Every day, my fertility patients tell me about the hurtful things people say to them. I knew them all too well during my own fertility challenges.  Well-meaning friends and loved ones would sometimes say the wrong things despite their good intentions. If you have never had fertility challenges, you may think you are being supportive. Trust me, sometimes your comments are not helpful. In fact, they can be insensitive, judgmental, and upsetting. It is important to understand what or what not to say to your loved ones. Here are some phrases to avoid when talking to friends and family members dealing with fertility challenges.

“If you can’t have a child naturally, then it’s not meant to be. Get over it.”

I had someone say this to me directly. She didn’t mean to be insensitive but her words struck a cord. In my darker moments, it made me feel like a substandard human – one that was not deserving enough to have a baby. Unfortunately, many believe that we must follow a set pathway towards pregnancy. However, that is not the case. Everyone’s pathway is unique and special. There is no one right way to have a baby.

“Just relax and you’ll get pregnant”

There is truth to the relaxation response helping blood flow to the reproductive organs. However, please refrain from saying this as it is not at all helpful. If you were really angry and someone says to you, “just relax”, how would you receive that comment? Probably not too well. And considering that I had blocked fallopian tubes where my eggs would never be able to meet my husband’s sperm naturally, no amount of relaxation was going to make a baby.

“Trust me, you are lucky you don’t have kids.”

You don’t know how lucky you are to have children. Please don’t downplay our loss by making your blessings sound  like a curse. We know that our lives will forever change when we have kids but that’s exactly what we are signing up for.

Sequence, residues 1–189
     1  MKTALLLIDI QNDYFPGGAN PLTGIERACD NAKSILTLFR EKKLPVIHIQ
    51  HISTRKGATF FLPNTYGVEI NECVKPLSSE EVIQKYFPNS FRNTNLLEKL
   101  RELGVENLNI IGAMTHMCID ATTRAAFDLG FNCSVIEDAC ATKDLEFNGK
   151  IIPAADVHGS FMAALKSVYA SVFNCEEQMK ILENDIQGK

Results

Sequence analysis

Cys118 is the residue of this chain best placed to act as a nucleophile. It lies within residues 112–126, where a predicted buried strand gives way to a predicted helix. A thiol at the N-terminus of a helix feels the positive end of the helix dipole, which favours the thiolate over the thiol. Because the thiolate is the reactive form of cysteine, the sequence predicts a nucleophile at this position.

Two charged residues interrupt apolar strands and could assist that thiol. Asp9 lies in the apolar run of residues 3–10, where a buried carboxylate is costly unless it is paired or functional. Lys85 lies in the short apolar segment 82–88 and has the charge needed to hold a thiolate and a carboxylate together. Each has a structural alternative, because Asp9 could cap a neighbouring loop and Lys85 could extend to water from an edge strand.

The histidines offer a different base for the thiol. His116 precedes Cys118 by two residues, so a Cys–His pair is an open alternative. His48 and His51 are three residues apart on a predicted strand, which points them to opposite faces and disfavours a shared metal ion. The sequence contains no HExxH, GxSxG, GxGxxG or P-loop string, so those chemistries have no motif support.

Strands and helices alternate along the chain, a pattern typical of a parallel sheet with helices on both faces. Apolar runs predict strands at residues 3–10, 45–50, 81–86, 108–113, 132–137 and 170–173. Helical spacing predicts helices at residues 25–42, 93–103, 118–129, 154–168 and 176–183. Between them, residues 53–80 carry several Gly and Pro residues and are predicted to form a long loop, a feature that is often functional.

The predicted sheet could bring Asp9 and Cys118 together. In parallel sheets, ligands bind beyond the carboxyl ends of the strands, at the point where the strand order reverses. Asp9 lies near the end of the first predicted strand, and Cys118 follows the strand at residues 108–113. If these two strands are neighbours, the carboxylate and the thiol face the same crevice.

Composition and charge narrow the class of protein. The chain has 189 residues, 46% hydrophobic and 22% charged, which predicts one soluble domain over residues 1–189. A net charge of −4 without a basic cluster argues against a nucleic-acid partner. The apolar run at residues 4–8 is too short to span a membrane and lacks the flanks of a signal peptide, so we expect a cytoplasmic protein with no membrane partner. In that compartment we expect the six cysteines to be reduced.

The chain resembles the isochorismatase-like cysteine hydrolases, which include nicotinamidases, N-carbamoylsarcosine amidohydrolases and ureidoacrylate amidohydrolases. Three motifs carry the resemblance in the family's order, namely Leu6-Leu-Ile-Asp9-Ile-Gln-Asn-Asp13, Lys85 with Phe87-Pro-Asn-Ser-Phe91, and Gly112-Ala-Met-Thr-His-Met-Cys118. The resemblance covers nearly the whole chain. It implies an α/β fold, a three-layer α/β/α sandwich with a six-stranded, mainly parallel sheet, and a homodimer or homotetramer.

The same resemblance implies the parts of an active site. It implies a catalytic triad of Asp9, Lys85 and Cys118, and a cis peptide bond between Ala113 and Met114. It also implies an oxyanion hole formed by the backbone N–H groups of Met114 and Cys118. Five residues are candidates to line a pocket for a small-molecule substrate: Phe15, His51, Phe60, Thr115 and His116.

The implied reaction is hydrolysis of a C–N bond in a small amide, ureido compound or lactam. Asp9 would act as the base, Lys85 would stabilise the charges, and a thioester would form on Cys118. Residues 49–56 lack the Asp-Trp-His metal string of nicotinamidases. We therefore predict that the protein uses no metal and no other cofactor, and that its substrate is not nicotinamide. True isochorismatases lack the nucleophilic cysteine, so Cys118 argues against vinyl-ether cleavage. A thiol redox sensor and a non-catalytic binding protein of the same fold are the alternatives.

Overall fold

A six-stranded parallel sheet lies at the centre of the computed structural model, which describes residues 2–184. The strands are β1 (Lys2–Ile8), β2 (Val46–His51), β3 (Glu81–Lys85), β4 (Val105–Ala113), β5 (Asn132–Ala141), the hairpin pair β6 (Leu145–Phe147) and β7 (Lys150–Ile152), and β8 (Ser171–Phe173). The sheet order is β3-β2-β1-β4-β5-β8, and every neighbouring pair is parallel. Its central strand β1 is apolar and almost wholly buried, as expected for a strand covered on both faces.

“It’s a lifestyle choice when women and couples delay marriage and families.”

We don’t choose to put our careers first. It is not our personal choice to develop medical problems that impact our pathway to parenthood. Fertility challenges occur all around us. Yet, it is not publicized or talked about.

A study published in the official journal of the College of Family Physicians of Canada found that the two most important factors that influence childbearing decisions were financial security and partner suitability to parent. Only 30% of surveyed women mentioned career goals as being an important part of family planning. This is a trend internationally. It is not just an individual’s issue, it is also a socio-economic one.

“You can always do IVF.”

Often, In-Vitro Fertilization (IVF) is seen as a cure for all fertility issues. However, it is not that simple and it’s certainly not a guarantee that you will end up with a baby. No one wants to go through IVF treatment unless they have to. IVF is a long tedious procedure, one that is invasive, expensive, and emotionally draining. While IVF can be successful, it may not work at all for some.

“You can always adopt. Having children is a selfish act.”

My own brother said this to me at one point. I was really taken aback by his comment especially when he was otherwise a supportive force. He would have understood if I told him how hurtful his comment was but at the time, I didn’t have the energy  to respond after feeling like I’ve been beaten up by multiple failed IVF’s. All I could think about was how easy it was for him to say when he has two beautiful daughters.

Adoption is absolutely a  wonderful option to build a family. Yet, if I wanted to adopt, I had to come  to it in my own time I needed time to mourn the loss of my potential genetic child. There are many reasons why infertile couples don’t snap their fingers and “just adopt”.

During our pathway to parenthood, we explored this route. However, we found it to be just as  long, arduous, and expensive of a  journey filled with loopholes. Our home study,  application and screening process took months. We were placed under a microscope and constantly scrutinized to determine if we would be fit parents. While I completely understand the need to protect children  it seemed hardly fair when we are good people who just want to love a child.

Final Thoughts

This is not a comprehensive list of all of the things that I have heard over the years. If you found that you have said one of these phrases before, don’t be afraid to go back to your loved one and apologize. It will be a healing moment for both of you. To be supportive, ask them how they feel. Truly listen, give them a hug. You don’t need to say anything to  show them your love.

If you have heard something that hasn’t been mentioned on the list, share your story in the comment section below.